The Leningrad Philharmonic Orchestra has roots dating to 1882, when it was formed for the Court of Tsar Alexander III and called the Imperial Music Choir. Its inaugural concert was given on December 25, 1882, and most of its performances for the next two decades were for Court purposes. The first music director, G. Flige, served from 1882 until 1907, by which time the orchestra was staging public concerts. Under its next director, G. Varlikh, who took the podium in 1907, the orchestra began performing music by contemporary non-Russian composers such as Richard Strauss, who led the group in concert in 1912. After the Bolshevik Revolution of 1917, the orchestra members renamed the ensemble the State Orchestra. Sergey Koussevitzky succeeded Varlikh that same year and the orchestra began performing in the Pavlovsky Vokzal concert hall. It was under Emil Cooper, music director from 1920 to 1923, that the orchestra began receiving state support and started performing in the Great Hall of the Philharmonic, formerly the Court Assembly concert hall.
Cooper presided over many spectacular concerts, including one of Beethoven's Symphony No. 9 featuring nearly 500 performers. Valery Berdyaev and well-known Soviet conductor Nicolai Malko succeeded Cooper. The orchestra was now known as the Leningrad Philharmonic Orchestra, carrying the name of its resident city, which had changed from Petrograd to Leningrad in 1924. By the late 1920s, the LPO had developed the reputation as the Soviet Union's finest orchestra. It attracted many famous conductors during this time, including Bruno Walter, Ernest Ansermet, and Hans Knappertsbusch. Malko was succeeded by Alexander Gauk in 1930. He remained only three seasons, but introduced many new compositions by Russian composers like Prokofiev, Shostakovich, and Myaskovsky. Austrian conductor Fritz Stiedry served as music director from 1934-1937, further developing the orchestra's accuracy and precision. His departure in 1937 came as a result of the developing political turmoil in Europe.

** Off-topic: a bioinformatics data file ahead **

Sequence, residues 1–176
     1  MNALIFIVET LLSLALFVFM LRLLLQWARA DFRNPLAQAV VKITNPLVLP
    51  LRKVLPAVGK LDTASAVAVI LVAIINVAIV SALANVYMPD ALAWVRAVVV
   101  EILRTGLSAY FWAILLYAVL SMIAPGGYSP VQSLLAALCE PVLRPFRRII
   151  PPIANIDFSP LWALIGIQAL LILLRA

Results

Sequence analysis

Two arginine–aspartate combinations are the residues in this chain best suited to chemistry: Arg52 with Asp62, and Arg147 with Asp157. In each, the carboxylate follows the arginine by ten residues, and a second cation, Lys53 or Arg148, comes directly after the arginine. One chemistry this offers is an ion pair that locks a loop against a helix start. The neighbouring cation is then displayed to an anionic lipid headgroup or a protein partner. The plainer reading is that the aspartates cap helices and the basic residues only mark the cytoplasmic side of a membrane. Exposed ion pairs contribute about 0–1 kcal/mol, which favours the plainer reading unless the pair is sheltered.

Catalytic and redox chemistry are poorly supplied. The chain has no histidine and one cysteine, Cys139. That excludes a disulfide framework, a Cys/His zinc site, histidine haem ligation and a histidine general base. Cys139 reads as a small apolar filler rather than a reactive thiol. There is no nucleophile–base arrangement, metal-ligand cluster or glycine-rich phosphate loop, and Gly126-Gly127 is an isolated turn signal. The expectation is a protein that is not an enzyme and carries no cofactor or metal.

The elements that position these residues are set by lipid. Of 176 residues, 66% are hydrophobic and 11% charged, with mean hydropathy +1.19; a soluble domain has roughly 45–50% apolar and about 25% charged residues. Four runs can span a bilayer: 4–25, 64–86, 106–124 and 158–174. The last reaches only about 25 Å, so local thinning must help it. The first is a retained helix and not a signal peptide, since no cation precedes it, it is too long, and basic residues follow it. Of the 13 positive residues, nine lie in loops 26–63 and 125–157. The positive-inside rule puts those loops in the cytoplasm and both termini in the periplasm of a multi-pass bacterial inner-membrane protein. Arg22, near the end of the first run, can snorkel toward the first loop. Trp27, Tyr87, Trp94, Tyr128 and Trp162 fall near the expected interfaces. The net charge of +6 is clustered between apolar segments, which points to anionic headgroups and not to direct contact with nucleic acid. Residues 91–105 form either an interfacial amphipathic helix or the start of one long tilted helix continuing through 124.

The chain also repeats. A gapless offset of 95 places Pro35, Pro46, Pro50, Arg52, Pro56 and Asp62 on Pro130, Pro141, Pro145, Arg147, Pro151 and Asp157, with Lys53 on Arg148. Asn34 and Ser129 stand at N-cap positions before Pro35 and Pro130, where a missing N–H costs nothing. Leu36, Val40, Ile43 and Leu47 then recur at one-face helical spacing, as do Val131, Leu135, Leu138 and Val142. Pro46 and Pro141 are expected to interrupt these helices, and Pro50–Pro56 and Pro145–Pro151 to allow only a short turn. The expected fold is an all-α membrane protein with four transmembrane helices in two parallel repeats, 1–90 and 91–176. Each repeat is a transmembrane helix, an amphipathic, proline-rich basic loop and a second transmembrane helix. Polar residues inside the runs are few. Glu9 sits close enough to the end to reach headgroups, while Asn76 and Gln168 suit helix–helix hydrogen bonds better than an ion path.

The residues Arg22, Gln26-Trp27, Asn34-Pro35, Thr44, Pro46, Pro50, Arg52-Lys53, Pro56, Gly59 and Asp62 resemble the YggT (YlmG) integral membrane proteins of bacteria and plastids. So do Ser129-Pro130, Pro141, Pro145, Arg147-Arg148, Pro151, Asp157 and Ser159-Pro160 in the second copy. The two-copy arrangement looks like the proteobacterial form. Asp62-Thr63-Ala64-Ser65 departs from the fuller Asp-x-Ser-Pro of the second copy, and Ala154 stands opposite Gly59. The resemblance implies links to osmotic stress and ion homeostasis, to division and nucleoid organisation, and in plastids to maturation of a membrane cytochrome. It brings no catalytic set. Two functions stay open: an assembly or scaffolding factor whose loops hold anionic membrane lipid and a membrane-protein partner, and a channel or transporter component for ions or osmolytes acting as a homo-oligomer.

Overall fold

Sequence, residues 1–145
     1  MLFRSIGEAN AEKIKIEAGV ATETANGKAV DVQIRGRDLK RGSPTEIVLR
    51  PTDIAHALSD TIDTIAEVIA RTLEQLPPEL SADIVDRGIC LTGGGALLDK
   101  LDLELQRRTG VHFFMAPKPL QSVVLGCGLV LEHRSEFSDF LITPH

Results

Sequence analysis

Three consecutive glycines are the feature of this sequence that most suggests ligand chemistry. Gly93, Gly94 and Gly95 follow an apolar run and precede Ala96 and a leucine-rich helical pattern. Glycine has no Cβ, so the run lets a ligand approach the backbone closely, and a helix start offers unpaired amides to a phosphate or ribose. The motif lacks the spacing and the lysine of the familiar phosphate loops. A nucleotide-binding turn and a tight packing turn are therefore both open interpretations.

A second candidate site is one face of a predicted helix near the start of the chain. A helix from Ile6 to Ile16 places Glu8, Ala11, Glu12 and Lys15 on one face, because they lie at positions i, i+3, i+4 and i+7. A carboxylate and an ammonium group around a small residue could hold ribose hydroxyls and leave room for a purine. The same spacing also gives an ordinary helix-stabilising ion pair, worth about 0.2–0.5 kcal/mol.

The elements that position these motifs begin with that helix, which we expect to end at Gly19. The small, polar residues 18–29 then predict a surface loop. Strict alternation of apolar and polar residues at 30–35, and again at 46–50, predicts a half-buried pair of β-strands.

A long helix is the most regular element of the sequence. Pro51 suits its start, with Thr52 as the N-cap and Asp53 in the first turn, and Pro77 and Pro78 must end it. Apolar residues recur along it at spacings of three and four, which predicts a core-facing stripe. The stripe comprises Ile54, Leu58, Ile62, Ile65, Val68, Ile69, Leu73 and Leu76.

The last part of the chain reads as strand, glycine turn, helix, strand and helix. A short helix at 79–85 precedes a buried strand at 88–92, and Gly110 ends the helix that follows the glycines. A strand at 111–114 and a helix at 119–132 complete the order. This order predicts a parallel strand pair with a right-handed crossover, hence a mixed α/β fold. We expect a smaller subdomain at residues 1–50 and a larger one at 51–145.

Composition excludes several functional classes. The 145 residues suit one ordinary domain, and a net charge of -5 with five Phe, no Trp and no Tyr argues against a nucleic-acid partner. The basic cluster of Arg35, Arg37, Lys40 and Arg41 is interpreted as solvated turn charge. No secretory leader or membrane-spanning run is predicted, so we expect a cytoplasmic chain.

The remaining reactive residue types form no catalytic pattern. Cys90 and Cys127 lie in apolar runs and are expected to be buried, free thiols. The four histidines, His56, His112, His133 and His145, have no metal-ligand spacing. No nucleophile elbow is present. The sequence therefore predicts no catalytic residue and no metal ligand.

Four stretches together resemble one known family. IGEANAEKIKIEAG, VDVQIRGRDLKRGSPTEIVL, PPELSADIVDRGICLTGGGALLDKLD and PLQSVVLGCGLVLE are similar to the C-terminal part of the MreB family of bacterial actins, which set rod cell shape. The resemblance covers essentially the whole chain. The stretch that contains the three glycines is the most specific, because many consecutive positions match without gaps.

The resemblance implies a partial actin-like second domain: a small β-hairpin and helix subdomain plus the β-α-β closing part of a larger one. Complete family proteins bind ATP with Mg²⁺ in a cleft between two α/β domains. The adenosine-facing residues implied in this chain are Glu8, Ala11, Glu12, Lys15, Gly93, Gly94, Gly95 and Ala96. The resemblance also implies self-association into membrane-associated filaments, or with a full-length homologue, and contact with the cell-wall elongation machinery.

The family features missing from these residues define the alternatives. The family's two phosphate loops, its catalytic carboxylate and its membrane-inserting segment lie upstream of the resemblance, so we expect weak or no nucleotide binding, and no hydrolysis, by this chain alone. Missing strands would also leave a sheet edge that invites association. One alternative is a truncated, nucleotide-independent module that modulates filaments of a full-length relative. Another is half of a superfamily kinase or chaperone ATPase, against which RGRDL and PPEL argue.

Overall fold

Yevgeny Mravinsky was appointed music director in 1938 and would serve a half century in that capacity. He probably introduced as many famous contemporary compositions as any conductor of his time. He premiered many by Shostakovich, including his Symphony No. 5, as a guest conductor in 1937, and the Sixth in November 1939. He also introduced the Prokofiev Sixth in October 1947 and numerous other compositions by Soviet composers. He made many recordings of works by Tchaikovsky, Prokofiev, Shostakovich, and other Russian composers, but usually avoided the studio, preferring the "live concert" venue. Because of the war, the Leningrad Philharmonic was evacuated to Novosibirsk in 1941, where it performed until its 1944 return. It suffered a noticeable decline in its ensemble skills in the postwar era, owing to the death of some of the orchestra personnel and to defections, but Mravinsky, assisted by Kurt Sanderling, gradually rebuilt the LPO and by the late 1960s, it was once again considered a world-class ensemble. Many tours abroad in the 1970s confirmed this judgment. In the last decade or so of Mravinsky's tenure, he was largely inactive, allowing assistant conductors to lead the orchestra. Upon his death, Yuri Temirkanov was appointed music director. In 1991, when the city of Leningrad reverted to its old name of St. Petersburg, the orchestra was renamed the St. Petersburg Philharmonic.